Sunday, February 21, 2016


We finally got a small dose of winter, with a temperature of minus eighteen, but that was short-lived, and we're back to warm temperatures and no snow, with the exception of the mountain elevations, where it's slightly colder (these aren't exactly the Himalayas). Winters are bad for stargazing here, and this one has been no exception, but Jupiter is back and the Great Red Spot, the storm more than twice the size of Earth, is said to be more distinct this year; I'll be viewing it whenever the skies clear. I've started to read Satantango and am enjoying it so far, but will withhold comment until I've finished, because, unlike The Mandarins, it is a story with twists and turns that reads like a true novel as it unfolds; the meaning or lack thereof may not emerge until the end, whereas in more realistic fiction you always have some sense of where you are at each point in the narrative. For now I'll just say that the quality of the prose is quite high – higher than that of any of the other living writers I've mentioned.

I seem to be benefiting from my Internet detox program. There is a hysterical addictive quality to the Internet that younger people may be unable to escape, which explains why they fall victim to the pathologies described by Sherry Turkle. One of the advantages of old age is that it provides awareness of models of cognitive self-preservation that younger people may never have been exposed to. With a little self-discipline I am now able to avoid sites that might just draw me in, waste my time and finally irritate me without providing any noticeable benefits. I do feel as if I'm missing out on a few things, but have enough experience and confidence to know that this is the saner course. My switch to reading printed materials isn't working perfectly, though it is an improvement. The advantage of deriving more from reading books and magazines is partially offset by the fact that some of them are always deficient in content. Of the things I currently read, Archaeology is a bit light and the stargazing magazines are too devoted to advertising, though still useful for astronomical news. Nautilus has better-written and more informative science articles than most – and little advertising. For some reason I'm still receiving Nature, and I don't mind that much as long as I'm not paying the $199 per year subscription fee. The literary magazines, Boston Review and Bookforum, are so alien to me that I'm going to let my subscriptions drop. Somehow I have developed a gag reaction to American literary culture and it is best to avoid it entirely in all forms; I am able to find suitable literary reading beyond the Anglo-American world, but only with great effort.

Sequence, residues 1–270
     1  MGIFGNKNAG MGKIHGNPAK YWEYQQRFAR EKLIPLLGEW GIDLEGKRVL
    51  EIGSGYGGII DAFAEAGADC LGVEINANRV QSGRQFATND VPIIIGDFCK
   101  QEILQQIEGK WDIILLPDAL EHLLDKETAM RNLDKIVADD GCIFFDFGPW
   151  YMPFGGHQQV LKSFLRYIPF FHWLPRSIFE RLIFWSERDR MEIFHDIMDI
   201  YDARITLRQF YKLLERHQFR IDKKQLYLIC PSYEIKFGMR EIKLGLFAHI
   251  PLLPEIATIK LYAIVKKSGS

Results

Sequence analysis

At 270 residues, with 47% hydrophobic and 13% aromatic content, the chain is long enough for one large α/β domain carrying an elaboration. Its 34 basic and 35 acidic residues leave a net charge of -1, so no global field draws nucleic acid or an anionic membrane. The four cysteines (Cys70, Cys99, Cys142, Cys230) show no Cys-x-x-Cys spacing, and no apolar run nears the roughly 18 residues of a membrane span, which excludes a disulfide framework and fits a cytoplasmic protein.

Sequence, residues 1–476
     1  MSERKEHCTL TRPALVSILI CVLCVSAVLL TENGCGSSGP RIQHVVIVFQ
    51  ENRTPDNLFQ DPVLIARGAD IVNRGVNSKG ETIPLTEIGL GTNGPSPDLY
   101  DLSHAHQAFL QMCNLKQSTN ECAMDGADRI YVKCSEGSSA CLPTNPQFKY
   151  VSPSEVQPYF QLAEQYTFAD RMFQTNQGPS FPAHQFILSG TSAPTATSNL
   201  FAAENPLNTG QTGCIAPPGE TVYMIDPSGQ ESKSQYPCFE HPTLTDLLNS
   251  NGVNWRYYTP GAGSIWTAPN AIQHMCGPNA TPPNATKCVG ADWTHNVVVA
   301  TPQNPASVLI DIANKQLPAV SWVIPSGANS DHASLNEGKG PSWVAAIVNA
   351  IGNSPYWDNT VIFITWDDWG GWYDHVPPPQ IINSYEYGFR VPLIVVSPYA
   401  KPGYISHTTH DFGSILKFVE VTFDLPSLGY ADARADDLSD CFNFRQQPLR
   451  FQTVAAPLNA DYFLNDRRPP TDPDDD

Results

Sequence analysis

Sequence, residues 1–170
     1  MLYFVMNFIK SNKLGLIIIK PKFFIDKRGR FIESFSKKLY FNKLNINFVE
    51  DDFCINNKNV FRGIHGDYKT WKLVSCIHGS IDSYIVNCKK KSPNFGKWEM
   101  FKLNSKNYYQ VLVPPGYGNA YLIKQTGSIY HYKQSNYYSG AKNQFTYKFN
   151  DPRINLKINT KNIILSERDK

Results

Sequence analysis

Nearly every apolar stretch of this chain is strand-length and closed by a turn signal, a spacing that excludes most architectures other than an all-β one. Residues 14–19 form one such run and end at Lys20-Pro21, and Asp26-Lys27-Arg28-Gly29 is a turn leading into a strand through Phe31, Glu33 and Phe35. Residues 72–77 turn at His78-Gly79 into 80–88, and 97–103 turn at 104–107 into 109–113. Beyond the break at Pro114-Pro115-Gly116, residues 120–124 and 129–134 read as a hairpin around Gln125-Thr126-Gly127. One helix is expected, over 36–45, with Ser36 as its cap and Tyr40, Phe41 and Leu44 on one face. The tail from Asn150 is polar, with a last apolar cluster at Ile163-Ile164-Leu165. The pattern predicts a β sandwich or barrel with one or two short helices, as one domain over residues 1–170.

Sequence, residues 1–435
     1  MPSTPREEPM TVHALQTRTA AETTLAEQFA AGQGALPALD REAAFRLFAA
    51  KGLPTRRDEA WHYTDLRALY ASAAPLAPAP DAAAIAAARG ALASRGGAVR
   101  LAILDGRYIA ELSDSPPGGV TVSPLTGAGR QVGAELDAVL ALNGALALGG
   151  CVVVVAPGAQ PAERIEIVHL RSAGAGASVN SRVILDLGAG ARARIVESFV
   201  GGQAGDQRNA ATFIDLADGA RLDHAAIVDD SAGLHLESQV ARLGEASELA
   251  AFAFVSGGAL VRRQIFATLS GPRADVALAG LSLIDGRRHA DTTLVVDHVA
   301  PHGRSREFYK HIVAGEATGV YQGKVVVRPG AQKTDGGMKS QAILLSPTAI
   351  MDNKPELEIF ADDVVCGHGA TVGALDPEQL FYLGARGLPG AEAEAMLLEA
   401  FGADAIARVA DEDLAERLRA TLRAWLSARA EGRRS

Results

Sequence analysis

It seems to me that contemporary culture seriously undervalues the benefits of experience, particularly the accumulated experience of thoughtful people, who always seem to be in a minority. I have been thinking about my father's experience, and how I am now fifteen years older than he was when he died. When I see him in photographs taken not long before he died he looks young to me, and I can't help but think that I know more than he did. The transition from dependence on parents to independence and the reaching of a mature understanding of the world, is, I think, one of the major processes of human life. I have little sympathy for adult children who ceaselessly blame their parents for deficiencies in their upbringing, because everyone is dealt a hand that is bound to be problematic in one way or another, and few of us get optimal guidance and preparation before setting off.

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